Books: David Mamet pens a gangster novel, ‘Myra Breckinridge’ turns 50 and more in books

Books Editor

Hi, I’m books editor Carolyn Kellogg, and this is what’s going on in books this week.


Known for his work as a playwright, David Mamet turns this time to fiction with his new novel, “Chicago.” It’s a classic gangster tale set in that city in the 1920s: there are hard-drinking newspapermen, dames, crooked cops and mobsters, of course. “Mamet’s ear for the dark poetry of the American male id fuels ‘Chicago,’” writes Karl Taro Greenfeld in his review. Considering novels versus screenplays, dialogue and American masculinity, Greenfeld writes, “In its scope and ambition, ‘Chicago’ feels like one of the great American male novelists of the late 20th century — Updike, Mailer, Bellow, Roth — trying his hand at writing a genre novel. But unlike those novelists’ somewhat less sure-footed lunges — Mailer’s ‘Tough Guys Don’t Dance’ and Updike’s ‘Terrorist’ come to mind — Mamet lands this with aplomb.”

David Mamet's first novel in 20 years is 'Chicago'
(Katie Falkenberg / Los Angeles Times )


50 years ago, “Myra Breckinridge,” Gore Vidal’s novel about an ambitious, secretly transgender woman who moves to Hollywood, became a huge bestseller. In it, Myra observes that young men are “quite totalitarian-minded, even for Americans, and I am convinced that any attractive television personality who wanted to become our dictator would have their full support.” Prescient, playful and panned by critics; Mark Athitakis has our appreciation.


In “Stealing the Show: How Women Are Revolutionizing Television,” former Los Angeles Times books and culture editor Joy Press tracks the history of women creating television shows. “Chapter by chapter, Press charts the peaks and valleys of the female gaze through the lens of TV in the last 30 years,” writes Maris Kreizman in our review. “We see norms slowly change, from Vice President Dan Quayle questioning Murphy Brown’s ‘family values’ for daring to have a child as a single mother, to [Shonda] Rhimes’ staff inventing a fake word for ‘vagina’ (‘vajayjay,’ of course) because ABC would not let her use the anatomically correct word during her prime-time hospital drama ‘Grey’s Anatomy.’”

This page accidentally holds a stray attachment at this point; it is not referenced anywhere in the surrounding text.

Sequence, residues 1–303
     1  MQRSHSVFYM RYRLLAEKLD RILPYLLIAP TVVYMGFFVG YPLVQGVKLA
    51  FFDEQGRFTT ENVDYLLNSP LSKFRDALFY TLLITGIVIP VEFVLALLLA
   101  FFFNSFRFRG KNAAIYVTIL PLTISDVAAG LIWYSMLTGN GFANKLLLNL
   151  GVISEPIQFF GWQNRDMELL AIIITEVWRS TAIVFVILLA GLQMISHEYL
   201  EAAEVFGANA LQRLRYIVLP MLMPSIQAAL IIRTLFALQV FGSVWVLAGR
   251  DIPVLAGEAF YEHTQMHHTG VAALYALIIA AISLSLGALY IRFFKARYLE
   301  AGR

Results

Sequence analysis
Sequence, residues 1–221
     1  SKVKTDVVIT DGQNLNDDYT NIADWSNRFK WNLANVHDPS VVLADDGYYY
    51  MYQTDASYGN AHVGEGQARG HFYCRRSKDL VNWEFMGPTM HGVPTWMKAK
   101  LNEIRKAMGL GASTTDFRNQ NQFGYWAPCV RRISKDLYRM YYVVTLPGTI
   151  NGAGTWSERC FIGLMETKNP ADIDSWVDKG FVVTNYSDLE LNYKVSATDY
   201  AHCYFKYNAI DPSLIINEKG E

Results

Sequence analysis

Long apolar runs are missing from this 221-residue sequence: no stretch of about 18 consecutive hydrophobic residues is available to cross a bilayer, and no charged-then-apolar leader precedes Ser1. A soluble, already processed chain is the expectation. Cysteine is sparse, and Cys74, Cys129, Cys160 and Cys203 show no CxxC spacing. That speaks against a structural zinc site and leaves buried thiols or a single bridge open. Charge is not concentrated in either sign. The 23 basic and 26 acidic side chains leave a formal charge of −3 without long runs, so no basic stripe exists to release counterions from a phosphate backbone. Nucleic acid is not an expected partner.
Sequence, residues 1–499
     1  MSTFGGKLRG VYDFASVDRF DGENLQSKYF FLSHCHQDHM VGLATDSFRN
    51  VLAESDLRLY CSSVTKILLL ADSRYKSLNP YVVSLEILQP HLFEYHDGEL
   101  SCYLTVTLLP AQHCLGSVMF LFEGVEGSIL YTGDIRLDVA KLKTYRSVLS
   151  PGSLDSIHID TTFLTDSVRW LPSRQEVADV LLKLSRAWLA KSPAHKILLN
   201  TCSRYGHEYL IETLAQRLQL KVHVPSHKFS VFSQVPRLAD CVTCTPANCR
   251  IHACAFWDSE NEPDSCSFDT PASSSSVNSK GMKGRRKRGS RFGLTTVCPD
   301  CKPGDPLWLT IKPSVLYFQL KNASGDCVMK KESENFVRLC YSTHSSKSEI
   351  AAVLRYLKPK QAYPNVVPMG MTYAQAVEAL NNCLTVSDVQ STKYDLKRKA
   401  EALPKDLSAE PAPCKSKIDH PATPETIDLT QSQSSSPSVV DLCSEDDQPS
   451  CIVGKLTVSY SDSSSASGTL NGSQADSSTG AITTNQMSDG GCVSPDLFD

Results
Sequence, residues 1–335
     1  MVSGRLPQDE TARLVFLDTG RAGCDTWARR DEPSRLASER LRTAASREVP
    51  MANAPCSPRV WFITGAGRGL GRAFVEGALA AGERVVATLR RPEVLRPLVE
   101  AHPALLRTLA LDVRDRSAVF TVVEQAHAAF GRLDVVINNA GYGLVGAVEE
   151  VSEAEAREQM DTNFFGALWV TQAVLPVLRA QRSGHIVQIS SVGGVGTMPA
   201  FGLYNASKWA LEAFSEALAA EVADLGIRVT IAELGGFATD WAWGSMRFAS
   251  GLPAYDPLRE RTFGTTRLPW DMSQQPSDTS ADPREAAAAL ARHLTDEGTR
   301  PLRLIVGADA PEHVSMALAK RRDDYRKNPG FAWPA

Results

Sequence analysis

Jenji Kohan, creator of 'Orange Is The New Black,' in her writers' room in 2013
(Jay L. Clendenin / Los Angeles Times )



Kristin Hannah blasts onto the fiction bestseller list this week with “The Great Alone,” a family that hopes moving to Alaska will help soothe the troubles of the father, a Vietnam Vet and former POW. But his wife and 13-year-old daughter soon eventually discover they may be in peril. The book is our No. 1 fiction bestseller.

It’s been in the top spot for six weeks running: Michael Wolff’s book “Fire and Fury: Inside the Trump White House,” the No. 1 L.A. Times bestseller in nonfiction again.

See all the books on our bestseller lists here.

President Trump at the White House on Feb. 23.
(Alex Wong / Getty Images )


Tahereh Mafi, in works like her “Shatter Me” series, has become known for writing richly-imagined fantasy worlds. In her next book “A Very Large Expanse of Sea” — which she announced with us this week — Mafi taps her own experiences to tell a realistic tale of a hijab-wearing Muslim teenager in America after Sept. 11. “I was a very angry teenager,” she tells Agatha French. “I felt trapped, not just by the complexities of being a teenager, but because the world had already decided what kind of teenager I was.”



This week we announced the finalists for the 2017 L.A. Times Book Prizes, which will be awarded at a ceremony on April 20 at USC. 50 finalists in 10 categories were announced, plus three special winners: John Rechy, whose 1960 novel “City of Night” was a groundbreaking work of gay fiction, will receive the Robert Kirsch Award for lifetime achievement, Well-Read Black Girl founder Glory Edim will take home the Innovator’s Award and Benjamin Taylor is the winner of the Christopher Isherwood Prize for Autobiographical Prose for his book “The Hue and Cry at Our House.” Read about all the finalists here.

John Rechy at home in 2003. He'll receive The Times' Kirsch Award.
(Lawrence K. Ho / Los Angeles Times )